Lexie continued to stare at him, then agreed. “Yes, I know the kind of work Anthony did. But he never discussed his missions with me. That was his choice.  He tried to protect me.  He didn’t want his work to touch me, to affect me.” 

Staring at her clenched fists in her lap, the hideous irony struck her.  Anthony always worried that something bad would happen to her because of his dangerous work. The scum he chased. But they’d gone after him, not her.  And he was right. The worst possible thing had happened to her. The person she loved more than anything in the world was dead. She looked up realizing that the chief was talking to her.  

He pointed at the big man sitting confidently at the end of the table. “Special Agent Gardner here just came in from Fort Bragg. Since Anthony’s body was found on the base, we’ll be sharing jurisdiction.” 

Looking to the special agent, the chief heaved an enormous sigh and shook his head. “Hell, Jake, I hope you don’t think for a minute that we aren’t damn glad that you’re on the case. That’s the only good news we’ve had in this whole mess. We can use all the help we can get.  Christ, you get into the drug rings here and it’s like pokin’ your head in a wasp’s nest looking for the one wasp with a green stripe on his ass instead of a black one.”

Lexie stood and began sorting her papers. She threw Agent Gardner a dismissive nod. 

“Please give me my letter.  I need it so I am clear where I stand with the Yuma Police Department.”

Agent Gardner nodded in return and sent the letter back up the table. She didn’t thank him or even acknowledge him. Instead, as she had throughout the conversation, she turned on the Chief. 

“I’m sure you are pleased that Special Agent Gardner has graced you with his presence. No doubt you men will have many long sessions--bull sessions--testing each other’s theories, looking for strengths and weaknesses in your arguments.  Perhaps you will make charts, blueprints, and spreadsheets of all the important information you gather. In the meantime, while you are attending your meetings, preparing your various reports for each and every level of government trying to cover its ass, I will be gathering real information.  From the only source that counts, the streets.”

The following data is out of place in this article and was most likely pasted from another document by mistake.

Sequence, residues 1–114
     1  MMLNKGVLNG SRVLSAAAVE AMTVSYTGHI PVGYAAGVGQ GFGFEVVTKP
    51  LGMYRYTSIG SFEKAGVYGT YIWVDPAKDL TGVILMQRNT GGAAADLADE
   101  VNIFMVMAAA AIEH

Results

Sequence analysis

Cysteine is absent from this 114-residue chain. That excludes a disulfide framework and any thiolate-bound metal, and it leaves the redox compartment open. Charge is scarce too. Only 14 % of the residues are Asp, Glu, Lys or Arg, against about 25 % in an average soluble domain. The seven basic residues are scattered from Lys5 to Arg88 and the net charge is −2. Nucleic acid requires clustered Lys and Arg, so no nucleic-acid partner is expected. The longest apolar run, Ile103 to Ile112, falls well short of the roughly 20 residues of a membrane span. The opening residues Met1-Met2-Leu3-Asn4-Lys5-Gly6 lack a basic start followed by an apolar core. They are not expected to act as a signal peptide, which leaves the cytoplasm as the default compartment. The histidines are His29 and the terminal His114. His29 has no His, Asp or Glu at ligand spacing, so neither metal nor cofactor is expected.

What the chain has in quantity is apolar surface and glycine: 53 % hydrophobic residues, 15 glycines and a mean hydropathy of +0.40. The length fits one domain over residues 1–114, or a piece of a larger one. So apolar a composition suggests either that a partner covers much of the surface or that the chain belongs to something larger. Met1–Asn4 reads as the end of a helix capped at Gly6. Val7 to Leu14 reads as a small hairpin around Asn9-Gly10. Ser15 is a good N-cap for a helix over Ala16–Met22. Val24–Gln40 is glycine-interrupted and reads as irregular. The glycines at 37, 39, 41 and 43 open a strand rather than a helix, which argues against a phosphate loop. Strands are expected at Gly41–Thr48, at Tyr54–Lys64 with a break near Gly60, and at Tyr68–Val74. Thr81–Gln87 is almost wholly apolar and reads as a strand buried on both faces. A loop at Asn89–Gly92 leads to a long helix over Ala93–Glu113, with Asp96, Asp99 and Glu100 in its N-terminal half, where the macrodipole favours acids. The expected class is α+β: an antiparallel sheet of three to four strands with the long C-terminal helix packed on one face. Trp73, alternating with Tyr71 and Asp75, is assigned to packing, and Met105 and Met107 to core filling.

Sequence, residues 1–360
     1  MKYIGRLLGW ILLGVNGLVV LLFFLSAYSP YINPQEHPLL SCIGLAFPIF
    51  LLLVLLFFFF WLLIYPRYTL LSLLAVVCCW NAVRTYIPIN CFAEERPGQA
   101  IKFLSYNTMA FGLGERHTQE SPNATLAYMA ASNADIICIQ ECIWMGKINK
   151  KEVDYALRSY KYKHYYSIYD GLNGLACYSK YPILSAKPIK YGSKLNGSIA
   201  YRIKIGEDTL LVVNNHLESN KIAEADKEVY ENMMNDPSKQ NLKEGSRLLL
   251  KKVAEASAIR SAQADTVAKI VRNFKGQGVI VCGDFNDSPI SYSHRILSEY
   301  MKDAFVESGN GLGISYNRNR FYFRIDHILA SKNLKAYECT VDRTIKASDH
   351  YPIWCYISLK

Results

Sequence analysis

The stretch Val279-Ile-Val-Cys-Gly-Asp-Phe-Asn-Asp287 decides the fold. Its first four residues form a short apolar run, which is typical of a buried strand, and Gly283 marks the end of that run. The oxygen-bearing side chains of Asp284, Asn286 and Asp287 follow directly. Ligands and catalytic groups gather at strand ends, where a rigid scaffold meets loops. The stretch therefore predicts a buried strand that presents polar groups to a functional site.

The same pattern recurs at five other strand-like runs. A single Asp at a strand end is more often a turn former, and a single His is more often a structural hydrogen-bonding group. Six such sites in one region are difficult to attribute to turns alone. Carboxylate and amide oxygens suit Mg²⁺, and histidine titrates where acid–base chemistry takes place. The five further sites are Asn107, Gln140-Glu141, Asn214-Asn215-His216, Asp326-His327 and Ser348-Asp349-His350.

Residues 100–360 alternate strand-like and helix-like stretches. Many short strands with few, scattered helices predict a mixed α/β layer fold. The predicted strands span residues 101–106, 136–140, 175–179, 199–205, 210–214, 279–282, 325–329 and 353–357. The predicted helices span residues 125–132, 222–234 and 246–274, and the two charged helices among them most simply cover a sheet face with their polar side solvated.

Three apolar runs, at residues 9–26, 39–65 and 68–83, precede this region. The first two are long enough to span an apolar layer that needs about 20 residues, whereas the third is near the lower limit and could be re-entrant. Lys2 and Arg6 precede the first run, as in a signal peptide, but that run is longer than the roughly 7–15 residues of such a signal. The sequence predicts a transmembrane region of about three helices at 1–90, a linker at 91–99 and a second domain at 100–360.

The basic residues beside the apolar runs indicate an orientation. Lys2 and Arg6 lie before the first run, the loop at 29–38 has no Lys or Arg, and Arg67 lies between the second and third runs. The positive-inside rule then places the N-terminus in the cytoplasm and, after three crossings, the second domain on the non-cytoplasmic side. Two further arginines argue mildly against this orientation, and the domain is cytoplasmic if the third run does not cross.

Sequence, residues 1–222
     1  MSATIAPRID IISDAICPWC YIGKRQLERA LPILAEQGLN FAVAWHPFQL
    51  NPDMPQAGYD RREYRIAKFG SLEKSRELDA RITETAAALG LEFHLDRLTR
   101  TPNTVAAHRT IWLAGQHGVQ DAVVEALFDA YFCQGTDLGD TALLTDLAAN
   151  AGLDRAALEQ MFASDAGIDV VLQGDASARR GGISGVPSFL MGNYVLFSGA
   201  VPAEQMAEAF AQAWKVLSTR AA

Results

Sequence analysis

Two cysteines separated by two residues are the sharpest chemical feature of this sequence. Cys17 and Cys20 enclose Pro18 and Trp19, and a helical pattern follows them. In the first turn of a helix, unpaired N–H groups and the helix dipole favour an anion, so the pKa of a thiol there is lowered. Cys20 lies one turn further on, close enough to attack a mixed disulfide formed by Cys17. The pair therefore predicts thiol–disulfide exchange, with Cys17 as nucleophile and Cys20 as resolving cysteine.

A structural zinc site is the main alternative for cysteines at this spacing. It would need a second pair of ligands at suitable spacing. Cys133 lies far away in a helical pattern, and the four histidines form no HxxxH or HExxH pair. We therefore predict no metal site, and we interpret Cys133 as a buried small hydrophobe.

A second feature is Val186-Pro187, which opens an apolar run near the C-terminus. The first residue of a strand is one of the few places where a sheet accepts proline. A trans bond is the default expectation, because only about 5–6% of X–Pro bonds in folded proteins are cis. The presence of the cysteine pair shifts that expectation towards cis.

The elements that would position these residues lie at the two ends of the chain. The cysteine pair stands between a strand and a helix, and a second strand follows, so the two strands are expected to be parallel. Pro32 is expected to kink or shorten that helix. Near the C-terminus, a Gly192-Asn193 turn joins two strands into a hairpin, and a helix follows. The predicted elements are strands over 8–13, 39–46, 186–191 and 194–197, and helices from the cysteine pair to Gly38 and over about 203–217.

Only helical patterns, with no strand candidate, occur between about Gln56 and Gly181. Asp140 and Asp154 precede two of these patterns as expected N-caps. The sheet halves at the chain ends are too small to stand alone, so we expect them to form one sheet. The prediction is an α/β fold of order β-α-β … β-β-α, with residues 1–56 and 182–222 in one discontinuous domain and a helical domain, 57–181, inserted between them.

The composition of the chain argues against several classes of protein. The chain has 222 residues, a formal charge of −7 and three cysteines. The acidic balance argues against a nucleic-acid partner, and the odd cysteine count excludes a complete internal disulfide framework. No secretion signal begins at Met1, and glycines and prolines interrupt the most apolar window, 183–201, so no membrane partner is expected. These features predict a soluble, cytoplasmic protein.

She gave Chief Burton a frosty smile.  She tapped on the table, a harsh rasping sound as if to get his attention.  The huge man looked as if he didn’t dare look away. 

“Tomorrow at 10:00 a.m. I’ll be back.  Please have a list of the men who worked undercover with Anthony. I need their telephone numbers and email addresses. I also want all the reports that have been turned in to date, along with transcriptions of interviews with any and all witnesses.” She dropped her folio in her large canvas bag and slung it over her shoulder. “Oh, and I want a copy of the full autopsy report.” 

Agent Gardner and the chief rose to their feet at the same time.  Clearly flustered, the chief protested, “Now, listen here, young lady, you know very well we can’t give out that kind of information to a private citizen.  This is an ongoing investigation.”

Alexis lifted her chin and said in a haughty voice. “Really? I understood from your letter that your investigation is at a dead end.”  Before he could answer, she turned and walked toward the door.  Looking back over her shoulder, she seared him with one last glare. 

“Whatever you don’t give me, Chief Burton, I will find on my own.”

Agent Gardner moved quickly to the door.  

“Alexis, wait, please.  I will see you out.”

Lexie frowned, annoyed and surprised that he called her by her first name.  The familiarity rankled. Clearly he was accustomed to issuing orders – even if they came dressed in southern chivalry.
    She tossed her head and slanted him a glare as cold as those she’d showered on the chief of police for the previous hour. 

“Don’t bother.  I saw myself in. I can see myself out.”

He reached around her and opened the door, enclosing her between the door and his huge body. Looming over her, he took hold of her elbow and led her into the hallway. Pulling the door behind them, he said with a slight chuckle, “Grandmothers and all that.” 

When the door closed, he turned to her with a serious expression. 

“Alexis, I want to talk with you. Do you have time to come to my office? It is just around the corner.”